Bristol’s Children Discover the Fun of Street Play

Thursday July 15 2010


The sound of children playing in their street could replace the noise of traffic thanks to a Bristol project promoting the idea of street play. The Playing Out project has organised temporary road closures in six Bristol streets, giving local children the chance to play freely outside their own homes.

Playing out in the street after school used to be an everyday experience for children who made friends, learnt new games and got to know their street and neighbourhood safely.  Today few children get this chance and parents worry about the dangers of letting their children play out. The street is no longer seen an acceptable space for children to play in and as traffic has increased children have lost the confidence and ability to use the street where they live for free play.

A 2007 survey found that whilst 71% of adults recalled playing out independently, only 21% of children do today*.

However, a wealth of research points to the benefits of children experiencing independent play regularly.  These include increased physical activity, developing social skills and better community cohesion. The project organisers, Alice Ferguson and Amy Rose, have run the six Bristol sessions to give their local community the chance to see for themselves the benefits of street play and the results have been impressive.

“Adults have been present to keep an eye on things but the children have relished the chance to play freely in their street and invent their own games,” explains Alice Ferguson.  “Popular activities have included scooting, cycling, hopscotch, chalking and even stilt-walking. It’s been heartening to see how much the playing out sessions have brought different generations and residents together. Older residents have shared their memories of street games and taught skipping rhymes and other forgotten games to the younger ones.”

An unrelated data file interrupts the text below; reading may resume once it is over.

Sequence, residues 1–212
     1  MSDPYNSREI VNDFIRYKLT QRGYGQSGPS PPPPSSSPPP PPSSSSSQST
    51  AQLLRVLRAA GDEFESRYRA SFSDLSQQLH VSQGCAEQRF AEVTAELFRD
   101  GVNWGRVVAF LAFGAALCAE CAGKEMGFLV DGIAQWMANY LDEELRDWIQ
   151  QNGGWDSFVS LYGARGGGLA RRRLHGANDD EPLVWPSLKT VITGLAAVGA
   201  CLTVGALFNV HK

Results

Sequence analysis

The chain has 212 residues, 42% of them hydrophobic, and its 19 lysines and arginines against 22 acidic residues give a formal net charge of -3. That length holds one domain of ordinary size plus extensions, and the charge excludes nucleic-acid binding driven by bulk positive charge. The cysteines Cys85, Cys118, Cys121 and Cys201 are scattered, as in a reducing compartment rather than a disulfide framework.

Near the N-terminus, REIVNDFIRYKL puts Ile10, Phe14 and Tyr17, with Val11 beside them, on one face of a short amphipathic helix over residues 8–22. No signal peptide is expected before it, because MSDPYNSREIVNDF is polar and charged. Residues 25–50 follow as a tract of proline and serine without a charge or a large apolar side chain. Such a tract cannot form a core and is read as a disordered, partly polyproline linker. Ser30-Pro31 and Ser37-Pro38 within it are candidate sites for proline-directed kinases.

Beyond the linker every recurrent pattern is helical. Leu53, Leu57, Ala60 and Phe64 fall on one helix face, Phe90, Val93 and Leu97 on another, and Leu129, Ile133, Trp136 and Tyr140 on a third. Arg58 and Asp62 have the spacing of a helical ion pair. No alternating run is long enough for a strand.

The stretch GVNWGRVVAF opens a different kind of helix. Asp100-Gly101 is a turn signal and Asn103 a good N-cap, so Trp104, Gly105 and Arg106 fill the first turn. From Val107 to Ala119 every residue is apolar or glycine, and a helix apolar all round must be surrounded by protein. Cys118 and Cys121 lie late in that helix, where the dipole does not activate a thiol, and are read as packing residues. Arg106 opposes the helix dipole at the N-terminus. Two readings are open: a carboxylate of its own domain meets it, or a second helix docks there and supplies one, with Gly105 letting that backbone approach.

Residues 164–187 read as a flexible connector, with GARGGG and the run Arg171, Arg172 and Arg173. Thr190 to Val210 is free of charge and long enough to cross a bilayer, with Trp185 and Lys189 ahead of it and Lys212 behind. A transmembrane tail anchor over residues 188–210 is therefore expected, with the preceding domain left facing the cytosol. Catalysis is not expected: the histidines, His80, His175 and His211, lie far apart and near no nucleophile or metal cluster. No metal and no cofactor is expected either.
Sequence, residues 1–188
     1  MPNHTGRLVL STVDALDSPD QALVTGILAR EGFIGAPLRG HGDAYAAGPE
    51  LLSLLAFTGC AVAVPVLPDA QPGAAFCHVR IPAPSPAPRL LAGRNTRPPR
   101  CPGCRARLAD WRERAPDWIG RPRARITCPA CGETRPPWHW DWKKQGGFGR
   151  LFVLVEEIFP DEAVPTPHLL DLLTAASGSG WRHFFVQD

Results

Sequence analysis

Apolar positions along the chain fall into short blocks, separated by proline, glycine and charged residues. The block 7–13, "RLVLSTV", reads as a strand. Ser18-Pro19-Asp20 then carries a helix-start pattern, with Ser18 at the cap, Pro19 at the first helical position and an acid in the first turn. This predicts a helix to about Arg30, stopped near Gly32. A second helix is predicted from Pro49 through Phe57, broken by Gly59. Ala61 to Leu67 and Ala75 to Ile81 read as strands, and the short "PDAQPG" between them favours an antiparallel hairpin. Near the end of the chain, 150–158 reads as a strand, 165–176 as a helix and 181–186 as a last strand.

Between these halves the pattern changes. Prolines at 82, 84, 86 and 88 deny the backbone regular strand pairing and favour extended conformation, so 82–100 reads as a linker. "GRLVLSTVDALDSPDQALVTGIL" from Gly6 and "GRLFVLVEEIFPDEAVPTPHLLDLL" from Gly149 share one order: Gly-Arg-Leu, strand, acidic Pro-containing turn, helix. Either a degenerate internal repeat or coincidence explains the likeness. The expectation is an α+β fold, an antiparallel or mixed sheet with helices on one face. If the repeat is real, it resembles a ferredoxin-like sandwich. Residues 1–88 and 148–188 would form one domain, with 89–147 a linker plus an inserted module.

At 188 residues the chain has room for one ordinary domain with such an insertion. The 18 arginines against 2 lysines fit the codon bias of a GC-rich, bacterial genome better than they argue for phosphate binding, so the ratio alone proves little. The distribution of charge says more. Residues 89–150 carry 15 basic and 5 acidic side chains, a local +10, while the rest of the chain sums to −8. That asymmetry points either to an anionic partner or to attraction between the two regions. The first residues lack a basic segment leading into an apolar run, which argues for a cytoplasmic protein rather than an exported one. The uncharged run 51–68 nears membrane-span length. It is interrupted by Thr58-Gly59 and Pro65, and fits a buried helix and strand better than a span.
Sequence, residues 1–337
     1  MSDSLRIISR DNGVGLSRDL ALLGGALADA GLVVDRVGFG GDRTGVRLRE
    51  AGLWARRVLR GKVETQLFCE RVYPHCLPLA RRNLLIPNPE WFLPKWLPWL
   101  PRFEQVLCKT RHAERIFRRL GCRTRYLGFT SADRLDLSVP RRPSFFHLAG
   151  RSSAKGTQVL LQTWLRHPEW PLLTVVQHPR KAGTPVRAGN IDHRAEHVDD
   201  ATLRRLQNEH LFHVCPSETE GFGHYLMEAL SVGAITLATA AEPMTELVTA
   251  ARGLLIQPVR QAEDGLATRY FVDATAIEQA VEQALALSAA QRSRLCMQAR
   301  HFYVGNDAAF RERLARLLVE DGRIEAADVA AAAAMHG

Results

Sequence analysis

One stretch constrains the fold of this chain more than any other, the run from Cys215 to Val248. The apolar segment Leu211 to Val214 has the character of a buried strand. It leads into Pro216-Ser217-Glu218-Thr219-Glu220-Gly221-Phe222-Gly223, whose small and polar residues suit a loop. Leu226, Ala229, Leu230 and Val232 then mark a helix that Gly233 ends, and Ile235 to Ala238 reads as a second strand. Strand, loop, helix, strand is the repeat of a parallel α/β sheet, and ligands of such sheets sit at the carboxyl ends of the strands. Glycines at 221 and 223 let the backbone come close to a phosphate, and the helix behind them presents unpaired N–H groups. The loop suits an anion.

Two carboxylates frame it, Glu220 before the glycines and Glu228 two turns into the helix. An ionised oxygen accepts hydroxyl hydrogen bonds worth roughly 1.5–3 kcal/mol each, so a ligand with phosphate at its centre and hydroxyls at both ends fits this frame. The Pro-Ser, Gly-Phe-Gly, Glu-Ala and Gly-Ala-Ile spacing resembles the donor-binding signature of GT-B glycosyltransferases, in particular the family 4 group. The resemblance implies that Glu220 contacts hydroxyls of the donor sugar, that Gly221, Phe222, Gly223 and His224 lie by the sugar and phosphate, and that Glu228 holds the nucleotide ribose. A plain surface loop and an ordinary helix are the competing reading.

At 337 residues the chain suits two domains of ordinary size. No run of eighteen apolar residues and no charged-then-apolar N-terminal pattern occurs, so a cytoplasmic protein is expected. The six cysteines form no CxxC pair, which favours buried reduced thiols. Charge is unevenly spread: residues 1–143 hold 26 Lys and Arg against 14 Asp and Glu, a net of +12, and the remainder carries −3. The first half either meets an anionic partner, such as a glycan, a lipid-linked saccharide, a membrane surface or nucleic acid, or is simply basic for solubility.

Alice and Amy are now launching a website to give inspiration and advice to people keen to organise a playing out session in their own street. The website will go live in September 2010 and will be a practical resource giving all the information needed to create a safe, fun and neighbourly playing out event anywhere in the country.
“The Playing Out project challenges the idea that children do not belong on the streets to play these days,” says Alice.  “We want to share our experiences and help others create a chance for street play that the whole neighbourhood can benefit from.”

The Playing Out project is supported by Active Bristol. Active Bristol is a programme of work to support physically active lives through the promotion of walking, cycling, active play and use of green spaces. 

For more information contact Naomi Fuller 07985 776132

*Source: Play England 2007 (ICM survey)

Author: GPTP Admin

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